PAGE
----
The Goonies is a 1985 American adventure comedy film co-produced and directed by Richard Donner from a screenplay by Chris Columbus, based on a story by executive producer Steven Spielberg. In the film, a band of kids who live in the "Goon Docks" neighborhood of Astoria, Oregon, attempt to save their homes from foreclosure and in doing so, they discover an old treasure map that takes them on an adventure to unearth the long-lost fortune of One-Eyed Willy, a legendary 17th-century pirate. During the entire adventure, they are chased by a family of criminals, who also want the treasure for themselves.
Produced by Spielberg's Amblin Entertainment, Warner Bros. released the film theatrically on June 7, 1985 in the United States. The film grossed $61.5 million worldwide on a budget of $19 million and has since become a cult film. In 2017, the film was selected for preservation in the United States National Film Registry by the Library of Congress as being "culturally, historically, or aesthetically significant".
Rooster Cogburn (film)
Rooster Cogburn is a 1975 American Adventure Western film directed by Stuart Millar and starring John Wayne (in his penultimate film), reprising his role as U.S. Marshal Reuben J. "Rooster" Cogburn, and Katharine Hepburn. Written by Martha Hyer, based on the character Rooster Cogburn created by Charles McColl Portis in his 1968 western novel True Grit, the film is about an aging one-eyed lawman whose badge was recently suspended for a string of routine arrests that ended in bloodshed. To earn back his badge, he is tasked with bringing down a ring of bank robbers that has hijacked a wagon shipment of nitroglycerin. He is helped by a spinster searching for her father's killer. Rooster Cogburn is a sequel to the 1969 film True Grit.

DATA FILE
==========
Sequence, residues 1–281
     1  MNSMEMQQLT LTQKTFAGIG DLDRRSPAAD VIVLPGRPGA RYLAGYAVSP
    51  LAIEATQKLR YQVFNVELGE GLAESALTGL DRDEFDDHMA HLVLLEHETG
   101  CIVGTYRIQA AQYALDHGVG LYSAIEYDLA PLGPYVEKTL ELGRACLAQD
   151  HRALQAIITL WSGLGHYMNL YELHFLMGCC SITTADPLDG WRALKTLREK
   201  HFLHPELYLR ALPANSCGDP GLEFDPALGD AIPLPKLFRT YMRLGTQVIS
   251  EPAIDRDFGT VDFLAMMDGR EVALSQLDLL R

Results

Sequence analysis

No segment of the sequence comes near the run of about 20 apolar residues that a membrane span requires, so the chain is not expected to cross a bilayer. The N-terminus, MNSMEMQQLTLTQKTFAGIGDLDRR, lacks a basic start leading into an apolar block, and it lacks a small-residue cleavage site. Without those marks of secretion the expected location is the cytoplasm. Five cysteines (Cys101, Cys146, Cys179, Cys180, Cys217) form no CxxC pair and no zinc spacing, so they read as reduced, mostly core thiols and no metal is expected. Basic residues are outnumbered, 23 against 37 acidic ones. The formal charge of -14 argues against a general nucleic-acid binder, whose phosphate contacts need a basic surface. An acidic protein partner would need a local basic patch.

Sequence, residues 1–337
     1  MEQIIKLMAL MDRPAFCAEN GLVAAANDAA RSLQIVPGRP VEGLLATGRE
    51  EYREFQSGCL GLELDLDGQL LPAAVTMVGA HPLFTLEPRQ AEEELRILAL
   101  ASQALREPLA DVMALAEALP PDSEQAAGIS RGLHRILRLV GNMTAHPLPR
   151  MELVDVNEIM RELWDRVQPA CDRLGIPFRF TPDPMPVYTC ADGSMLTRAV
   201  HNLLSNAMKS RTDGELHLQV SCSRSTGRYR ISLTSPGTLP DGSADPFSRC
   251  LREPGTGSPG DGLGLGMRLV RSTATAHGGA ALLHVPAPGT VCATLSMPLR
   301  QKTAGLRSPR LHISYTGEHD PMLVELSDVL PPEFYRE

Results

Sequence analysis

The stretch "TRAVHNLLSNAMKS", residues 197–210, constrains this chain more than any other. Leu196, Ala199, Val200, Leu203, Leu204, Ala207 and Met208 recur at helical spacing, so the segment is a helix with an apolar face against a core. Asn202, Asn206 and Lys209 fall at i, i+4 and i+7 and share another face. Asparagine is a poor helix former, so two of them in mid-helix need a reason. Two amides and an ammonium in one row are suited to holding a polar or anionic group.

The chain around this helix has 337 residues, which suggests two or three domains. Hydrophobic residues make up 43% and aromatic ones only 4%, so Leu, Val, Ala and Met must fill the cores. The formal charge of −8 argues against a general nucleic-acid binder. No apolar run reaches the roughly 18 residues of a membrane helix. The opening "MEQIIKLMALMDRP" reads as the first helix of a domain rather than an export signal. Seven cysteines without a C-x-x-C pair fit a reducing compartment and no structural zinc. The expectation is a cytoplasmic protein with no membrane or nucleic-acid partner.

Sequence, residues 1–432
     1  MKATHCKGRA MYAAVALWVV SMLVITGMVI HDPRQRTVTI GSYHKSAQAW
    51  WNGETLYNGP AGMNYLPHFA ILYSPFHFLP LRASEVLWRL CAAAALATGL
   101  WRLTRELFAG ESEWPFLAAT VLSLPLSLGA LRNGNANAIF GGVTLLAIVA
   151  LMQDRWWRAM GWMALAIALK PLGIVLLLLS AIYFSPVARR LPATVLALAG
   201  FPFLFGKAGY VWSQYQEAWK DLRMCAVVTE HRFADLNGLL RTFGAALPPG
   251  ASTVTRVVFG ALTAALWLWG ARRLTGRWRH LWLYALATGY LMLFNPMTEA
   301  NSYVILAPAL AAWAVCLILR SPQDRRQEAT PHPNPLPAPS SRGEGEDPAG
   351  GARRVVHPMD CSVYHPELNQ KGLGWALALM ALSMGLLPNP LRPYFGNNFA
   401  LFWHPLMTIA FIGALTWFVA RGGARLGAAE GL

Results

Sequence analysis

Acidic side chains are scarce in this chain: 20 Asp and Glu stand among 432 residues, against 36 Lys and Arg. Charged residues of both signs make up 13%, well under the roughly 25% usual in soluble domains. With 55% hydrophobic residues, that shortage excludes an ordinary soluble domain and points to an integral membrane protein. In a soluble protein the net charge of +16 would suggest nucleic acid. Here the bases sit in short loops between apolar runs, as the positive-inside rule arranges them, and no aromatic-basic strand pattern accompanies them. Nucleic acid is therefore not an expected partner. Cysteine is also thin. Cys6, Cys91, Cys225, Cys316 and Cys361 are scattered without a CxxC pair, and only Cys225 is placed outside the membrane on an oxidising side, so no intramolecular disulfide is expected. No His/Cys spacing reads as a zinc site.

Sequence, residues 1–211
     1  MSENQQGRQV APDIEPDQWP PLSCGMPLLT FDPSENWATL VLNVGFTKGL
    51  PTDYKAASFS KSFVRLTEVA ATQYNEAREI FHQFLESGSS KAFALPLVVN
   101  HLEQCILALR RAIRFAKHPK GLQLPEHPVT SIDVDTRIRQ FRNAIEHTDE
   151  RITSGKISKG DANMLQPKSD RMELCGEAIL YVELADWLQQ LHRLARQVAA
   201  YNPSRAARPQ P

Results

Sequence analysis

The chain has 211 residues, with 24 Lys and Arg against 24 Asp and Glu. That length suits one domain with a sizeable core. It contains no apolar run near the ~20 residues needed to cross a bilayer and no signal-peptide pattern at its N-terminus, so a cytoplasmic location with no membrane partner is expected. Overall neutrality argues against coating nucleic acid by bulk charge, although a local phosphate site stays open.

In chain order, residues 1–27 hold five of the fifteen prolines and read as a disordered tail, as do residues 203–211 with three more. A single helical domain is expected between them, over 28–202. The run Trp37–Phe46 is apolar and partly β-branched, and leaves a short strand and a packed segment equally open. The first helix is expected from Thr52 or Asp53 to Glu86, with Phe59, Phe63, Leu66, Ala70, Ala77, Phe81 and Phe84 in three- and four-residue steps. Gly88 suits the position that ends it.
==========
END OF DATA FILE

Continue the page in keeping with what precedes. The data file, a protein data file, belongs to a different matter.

Easter Parade (film)
Easter Parade is a 1948 American musical film starring Judy Garland, Fred Astaire and Peter Lawford, featuring music by Irving Berlin, including some of Astaire and Garland's best-known songs, such as "Easter Parade", "Steppin' Out with My Baby", and "We're a Couple of Swells".
It was the most financially successful picture for both Garland and Astaire as well as the highest-grossing musical of the year.
Breakfast at Tiffany's (film)
Breakfast at Tiffany's is a 1961 American romantic comedy film directed by Blake Edwards and written by George Axelrod, loosely based on Truman Capote's 1958 novella of the same name. Starring Audrey Hepburn and George Peppard, and featuring Patricia Neal, Buddy Ebsen, Martin Balsam, and Mickey Rooney, the film was initially released on October 5, 1961 by Paramount Pictures.
Hepburn's portrayal of Holly Golightly as the naïve, eccentric café society girl is generally considered to be one of the actress's most memorable and identifiable roles. Hepburn regarded it as one of her most challenging roles, since she was an introvert required to play an extrovert.
Breakfast at Tiffany's was received positively at the time, and won two Academy Awards: Best Original Score and Best Original Song for "Moon River", which was also selected as the fourth most memorable song in Hollywood history by the American Film Institute in 2004. The film was also nominated for three other Academy Awards: Best Actress for Hepburn, Best Adapted Screenplay, and Best Art Direction.
Monte Walsh (2003 film)
Monte Walsh is a 2003 Canadian made-for-television Western film directed by Simon Wincer and starring Tom Selleck, Isabella Rossellini, and Keith Carradine. Loosely based on the 1963 Western novel Monte Walsh by Jack Schaefer, the film is about two long-time cowboys whose solitary and predictable lives on the range are inexorably changed when a fellow cowhand becomes involved with rustling and killing. The film premiered on TNT on January 17, 2003.